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the old medieval town, formerly called small Krakow, has been for centuries an economic and cultural centre of a wast territory. The foundations for the town prosperity were laid from 15th to 17th century by numerous royal privileges and by it being positioned on important transport routes, mainly by the route running towards the Dukla Pass.

The utmost importance for the economic recovery had the launch of a large-scale oil exploration nearby Bobrka at the beginning of the second half of the last century initiated by the inventor of the oil lamp Ignacy Łukasiewicz, but also the launch of the Subcarpathian railway.

The exact date of the town foundation is not known. The origins of Krosno settlement are lost in the mists of the past. For the first time it was mentioned in a document issued in 1282. Krosno was granted municipal charter by the king Casimir the Great. Krosno has many heritage monuments, churches from the fifteenth and seventeenth centuries and the Museum of Oil Lamps.


In 1845, 15km northwest of Iwonicz, Ignacy Łukasiewicz together with Tytus Trzecieski and Karol Klobassa founded the world's first oil mine. The open-air museum exhibition is spread over 1 km. It features facilities and equipment illustrating the development of oil industry from its inception to the present.


a village, 21 km away, was a large settlement. Its oldest traces date back to the Neolithic period. The current settlement was established in the fourteenth century based on Magdeburg Rights. The village was the property of the heirs of Kamieniec castle in Odrzykoń. Odrzykoń-based Kamieniec Castle, once a mighty fortress defending the south-eastern reaches of Poland, was built in the fourteenth century by the king Casimir the Great. In the 17th century the castle was severely destroyed by Swedish and Transylvanian armies.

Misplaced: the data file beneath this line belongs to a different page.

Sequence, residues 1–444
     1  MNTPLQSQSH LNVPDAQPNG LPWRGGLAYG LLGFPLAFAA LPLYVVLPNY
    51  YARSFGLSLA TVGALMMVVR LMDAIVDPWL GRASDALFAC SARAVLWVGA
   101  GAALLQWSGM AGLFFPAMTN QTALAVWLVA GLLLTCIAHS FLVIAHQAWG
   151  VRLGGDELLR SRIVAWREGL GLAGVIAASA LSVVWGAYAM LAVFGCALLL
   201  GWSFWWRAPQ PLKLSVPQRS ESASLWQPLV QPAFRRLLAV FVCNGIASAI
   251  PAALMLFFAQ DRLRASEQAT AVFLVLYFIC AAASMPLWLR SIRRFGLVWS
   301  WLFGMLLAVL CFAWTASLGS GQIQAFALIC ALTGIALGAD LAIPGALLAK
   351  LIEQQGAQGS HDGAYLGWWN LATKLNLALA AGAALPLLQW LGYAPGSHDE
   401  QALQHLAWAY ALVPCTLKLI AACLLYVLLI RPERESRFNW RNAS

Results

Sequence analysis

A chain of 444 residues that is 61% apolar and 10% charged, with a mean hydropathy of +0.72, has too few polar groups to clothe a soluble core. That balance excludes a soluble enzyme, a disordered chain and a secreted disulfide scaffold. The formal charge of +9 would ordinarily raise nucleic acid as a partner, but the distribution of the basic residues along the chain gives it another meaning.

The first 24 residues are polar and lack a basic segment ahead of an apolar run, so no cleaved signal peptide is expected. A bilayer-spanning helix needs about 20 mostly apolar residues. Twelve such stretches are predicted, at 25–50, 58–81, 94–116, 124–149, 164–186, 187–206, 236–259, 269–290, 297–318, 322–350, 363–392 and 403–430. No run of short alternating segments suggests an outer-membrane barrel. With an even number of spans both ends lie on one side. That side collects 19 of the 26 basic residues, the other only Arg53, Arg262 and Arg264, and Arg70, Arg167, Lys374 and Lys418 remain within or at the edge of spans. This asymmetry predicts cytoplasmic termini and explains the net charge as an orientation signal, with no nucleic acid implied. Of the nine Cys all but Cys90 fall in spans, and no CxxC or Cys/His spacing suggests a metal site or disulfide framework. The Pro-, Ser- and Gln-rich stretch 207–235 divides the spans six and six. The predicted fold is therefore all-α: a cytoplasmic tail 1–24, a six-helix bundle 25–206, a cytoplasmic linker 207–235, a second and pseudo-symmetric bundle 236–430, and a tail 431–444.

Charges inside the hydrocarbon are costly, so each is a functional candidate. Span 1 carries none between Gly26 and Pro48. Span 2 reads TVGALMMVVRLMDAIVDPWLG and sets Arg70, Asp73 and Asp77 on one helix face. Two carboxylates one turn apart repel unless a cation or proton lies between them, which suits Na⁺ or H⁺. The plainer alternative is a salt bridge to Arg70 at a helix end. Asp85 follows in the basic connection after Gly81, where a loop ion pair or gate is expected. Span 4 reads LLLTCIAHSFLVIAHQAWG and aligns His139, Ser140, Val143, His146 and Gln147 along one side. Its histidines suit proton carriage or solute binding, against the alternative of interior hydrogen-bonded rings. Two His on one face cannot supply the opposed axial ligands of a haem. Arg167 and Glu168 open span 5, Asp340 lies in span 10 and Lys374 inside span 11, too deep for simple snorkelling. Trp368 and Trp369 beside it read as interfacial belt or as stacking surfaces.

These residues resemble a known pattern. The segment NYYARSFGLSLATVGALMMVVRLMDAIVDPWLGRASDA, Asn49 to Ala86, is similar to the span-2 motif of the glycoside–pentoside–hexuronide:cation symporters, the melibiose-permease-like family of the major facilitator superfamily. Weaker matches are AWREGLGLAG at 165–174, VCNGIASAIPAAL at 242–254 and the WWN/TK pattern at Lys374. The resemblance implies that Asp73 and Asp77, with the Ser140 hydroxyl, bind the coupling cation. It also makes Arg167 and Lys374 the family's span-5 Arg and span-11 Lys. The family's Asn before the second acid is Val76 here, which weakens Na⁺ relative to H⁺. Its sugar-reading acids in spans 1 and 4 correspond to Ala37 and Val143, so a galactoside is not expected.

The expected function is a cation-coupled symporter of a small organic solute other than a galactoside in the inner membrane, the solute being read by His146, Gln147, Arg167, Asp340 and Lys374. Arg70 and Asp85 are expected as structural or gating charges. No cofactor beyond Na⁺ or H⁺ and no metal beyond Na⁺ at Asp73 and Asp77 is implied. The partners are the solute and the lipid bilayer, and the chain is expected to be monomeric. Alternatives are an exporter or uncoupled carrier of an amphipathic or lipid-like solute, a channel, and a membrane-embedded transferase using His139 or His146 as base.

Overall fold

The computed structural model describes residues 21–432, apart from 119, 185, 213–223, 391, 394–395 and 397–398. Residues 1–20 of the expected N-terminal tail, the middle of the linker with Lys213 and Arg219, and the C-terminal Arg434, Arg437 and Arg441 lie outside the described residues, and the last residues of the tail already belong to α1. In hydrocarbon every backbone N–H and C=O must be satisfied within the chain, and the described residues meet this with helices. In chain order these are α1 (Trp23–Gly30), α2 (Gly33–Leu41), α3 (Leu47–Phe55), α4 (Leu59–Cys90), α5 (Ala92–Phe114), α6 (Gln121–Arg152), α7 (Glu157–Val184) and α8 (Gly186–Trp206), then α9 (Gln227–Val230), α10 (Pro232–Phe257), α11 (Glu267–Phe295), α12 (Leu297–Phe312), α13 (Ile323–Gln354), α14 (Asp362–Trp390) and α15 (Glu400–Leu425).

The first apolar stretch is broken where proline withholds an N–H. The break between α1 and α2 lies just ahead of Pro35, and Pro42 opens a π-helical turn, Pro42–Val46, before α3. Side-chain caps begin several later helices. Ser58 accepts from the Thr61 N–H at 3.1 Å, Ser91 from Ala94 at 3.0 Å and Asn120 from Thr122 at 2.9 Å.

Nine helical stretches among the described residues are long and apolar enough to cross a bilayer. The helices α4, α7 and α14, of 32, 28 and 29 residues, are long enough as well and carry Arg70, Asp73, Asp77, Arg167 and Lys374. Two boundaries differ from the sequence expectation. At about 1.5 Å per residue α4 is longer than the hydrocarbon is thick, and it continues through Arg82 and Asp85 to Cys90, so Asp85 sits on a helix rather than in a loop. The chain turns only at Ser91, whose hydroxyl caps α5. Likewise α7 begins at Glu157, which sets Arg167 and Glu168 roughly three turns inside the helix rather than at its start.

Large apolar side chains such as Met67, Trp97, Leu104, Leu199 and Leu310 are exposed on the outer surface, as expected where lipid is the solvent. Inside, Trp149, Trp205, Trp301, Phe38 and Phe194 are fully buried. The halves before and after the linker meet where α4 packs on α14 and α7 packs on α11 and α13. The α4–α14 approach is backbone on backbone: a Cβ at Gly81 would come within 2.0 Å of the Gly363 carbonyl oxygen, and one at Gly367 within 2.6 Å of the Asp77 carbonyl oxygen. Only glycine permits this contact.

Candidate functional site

Still, more damage was done by two quarrelling families, the owners of the castle, the Skotnickis and Firlejs. Documents of the dispute provided Aleksander Fredro with a story he wrote about in his comedy of manners called "Revenge".


18km away from Iwonicz Zdrój lies the town Dukla. The town located at the old Hungarian Route was already known in the fourteenth century. It is possible that in ancient times there was a settlement there, for it is along this pass that one of the Roman trade routes ran, as evidenced by the finds of objects of Roman origin. Dukla received municipal charter in 1380.

On a hill in the northern part of the town, there is the Bernardine Monastery of the eighteenth century, which was visited by John Paul II. Not far from it, behind the monastery garden, there are large World War I and World War II cemeteries which are the burial place of 9300 Soviet, Czechoslovakian and Polish soldiers killed in the years 1939-1944.
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